In a bid to increase access to STEM education, the Hawaiʻi State Department of Education has rolled out the “Innovation Station” for O‘ahu public schools.

The Innovation Station is a portable classroom equipped with 3D printers, laser printers, power tools, and STEM lessons that focus on physics, geology, and circuitry. Housed in a bright red shipping container, the Innovation Station will be deployed to different campuses across the O‘ahu public school district.

“We loved the idea of making it portable because we can drop it in any school,” said Kalani High School robotics teacher Bryan Silver, who helped lead the project’s development. “It’s getting more access to this technology out to our schools. It’s great that one school has one suite of really cool tech but it doesn’t give the opportunity for other teachers to put it in their classrooms and how they can use it.”

The lab was partially built by students at Kalani High School. Last spring, robotics students built out the counters and shelving units and installed all of the equipment. The project was funded through state and school funds.

“It’s a neutral space. You don’t have to worry about disturbing someone else’s classroom. Any (teacher) can use it,” Silver said.

The Innovation Station was first deployed at Kāhala Elementary School.

“It really opened my eyes to what we can do and how we can integrate these new technologies into today’s education,” said third-grade teacher Michael Klingberg.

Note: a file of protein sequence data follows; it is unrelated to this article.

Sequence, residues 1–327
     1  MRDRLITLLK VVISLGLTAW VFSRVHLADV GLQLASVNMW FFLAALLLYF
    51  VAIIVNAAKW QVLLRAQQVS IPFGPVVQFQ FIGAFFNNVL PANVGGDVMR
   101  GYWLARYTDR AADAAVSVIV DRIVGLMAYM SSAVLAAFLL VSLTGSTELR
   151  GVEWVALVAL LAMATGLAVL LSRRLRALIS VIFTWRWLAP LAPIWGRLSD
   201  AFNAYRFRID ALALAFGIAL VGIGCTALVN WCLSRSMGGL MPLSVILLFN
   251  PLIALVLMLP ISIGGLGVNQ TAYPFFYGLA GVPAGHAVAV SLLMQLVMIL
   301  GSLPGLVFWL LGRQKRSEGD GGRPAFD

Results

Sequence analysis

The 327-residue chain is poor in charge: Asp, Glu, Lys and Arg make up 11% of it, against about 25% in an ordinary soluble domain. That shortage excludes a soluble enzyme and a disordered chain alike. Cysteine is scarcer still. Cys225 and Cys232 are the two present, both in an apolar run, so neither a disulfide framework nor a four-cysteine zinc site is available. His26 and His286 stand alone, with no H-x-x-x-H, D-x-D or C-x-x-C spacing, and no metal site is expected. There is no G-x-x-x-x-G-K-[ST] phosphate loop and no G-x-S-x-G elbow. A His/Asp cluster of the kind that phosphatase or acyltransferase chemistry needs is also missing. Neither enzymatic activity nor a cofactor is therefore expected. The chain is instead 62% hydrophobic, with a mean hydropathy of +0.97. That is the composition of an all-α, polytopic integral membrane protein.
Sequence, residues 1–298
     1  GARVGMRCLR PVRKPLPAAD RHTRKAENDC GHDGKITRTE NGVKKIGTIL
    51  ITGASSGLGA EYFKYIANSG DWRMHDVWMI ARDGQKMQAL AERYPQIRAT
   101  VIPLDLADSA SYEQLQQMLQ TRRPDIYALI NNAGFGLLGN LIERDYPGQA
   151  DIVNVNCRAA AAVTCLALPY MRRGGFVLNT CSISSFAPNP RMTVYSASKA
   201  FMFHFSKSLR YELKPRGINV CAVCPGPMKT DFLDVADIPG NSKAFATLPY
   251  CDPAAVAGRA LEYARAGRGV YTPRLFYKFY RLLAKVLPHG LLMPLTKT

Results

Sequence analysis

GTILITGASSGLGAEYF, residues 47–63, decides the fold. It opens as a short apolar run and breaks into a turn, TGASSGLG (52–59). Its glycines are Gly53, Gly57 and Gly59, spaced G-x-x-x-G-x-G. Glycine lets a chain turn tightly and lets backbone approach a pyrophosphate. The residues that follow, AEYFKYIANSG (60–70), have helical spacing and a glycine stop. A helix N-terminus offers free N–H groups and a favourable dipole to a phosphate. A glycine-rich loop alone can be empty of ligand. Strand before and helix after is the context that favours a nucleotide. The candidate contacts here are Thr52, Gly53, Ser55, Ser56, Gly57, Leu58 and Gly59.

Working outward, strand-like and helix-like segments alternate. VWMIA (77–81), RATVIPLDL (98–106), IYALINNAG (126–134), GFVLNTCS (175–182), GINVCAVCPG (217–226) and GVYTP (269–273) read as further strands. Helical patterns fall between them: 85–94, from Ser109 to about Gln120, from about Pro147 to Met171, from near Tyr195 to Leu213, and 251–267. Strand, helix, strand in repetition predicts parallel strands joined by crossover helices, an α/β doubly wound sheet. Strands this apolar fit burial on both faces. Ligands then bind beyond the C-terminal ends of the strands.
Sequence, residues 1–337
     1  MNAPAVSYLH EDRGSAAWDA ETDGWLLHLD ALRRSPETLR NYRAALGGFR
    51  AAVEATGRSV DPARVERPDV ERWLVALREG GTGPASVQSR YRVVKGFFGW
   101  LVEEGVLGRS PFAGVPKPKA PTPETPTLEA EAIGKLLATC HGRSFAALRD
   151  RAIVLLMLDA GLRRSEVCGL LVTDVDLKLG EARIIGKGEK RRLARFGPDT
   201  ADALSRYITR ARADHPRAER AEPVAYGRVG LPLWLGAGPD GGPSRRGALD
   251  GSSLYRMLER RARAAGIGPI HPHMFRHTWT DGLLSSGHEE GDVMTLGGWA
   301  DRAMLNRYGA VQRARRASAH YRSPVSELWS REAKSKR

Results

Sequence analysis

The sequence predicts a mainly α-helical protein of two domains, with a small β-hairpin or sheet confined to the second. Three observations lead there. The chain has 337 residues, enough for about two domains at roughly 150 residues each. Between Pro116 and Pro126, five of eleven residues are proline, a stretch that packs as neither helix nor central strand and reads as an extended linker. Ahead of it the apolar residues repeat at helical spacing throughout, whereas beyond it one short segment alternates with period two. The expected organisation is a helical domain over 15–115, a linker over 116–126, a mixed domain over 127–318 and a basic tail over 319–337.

At the elementary school, the mobile classroom was used to create models of bacteria, roaches, and worms, build models of buildings to learn about the U.S. Supreme Court and the various branches of government, and to make holiday ornaments.

“The kids were really blown away with the fact that they can come up with an idea, send it to a computer and then print it out of plastic,” said Klingberg.

The Innovation Station is run by Kalani High’s Team Magma Robotics, which hosts training sessions for staff of the receiving school on how to use the tools in the lab and assists in incorporating the technology into their classrooms.

“Future generations can explore their interest in STEM,” said Kalani sophomore Sydnie Melemai. As program manager of the station, she organizes the student teachers and lesson plans for each of the training sessions. “The Innovation Station allows (students) to broaden their horizons to different types of STEM,” she said.

The Hawaiʻi State Department of Education said the Innovation Station aligns with department’s goal to prepare all students for challenges and opportunities in the global economy by providing rigorous, equitable, and accessible education in STEM.

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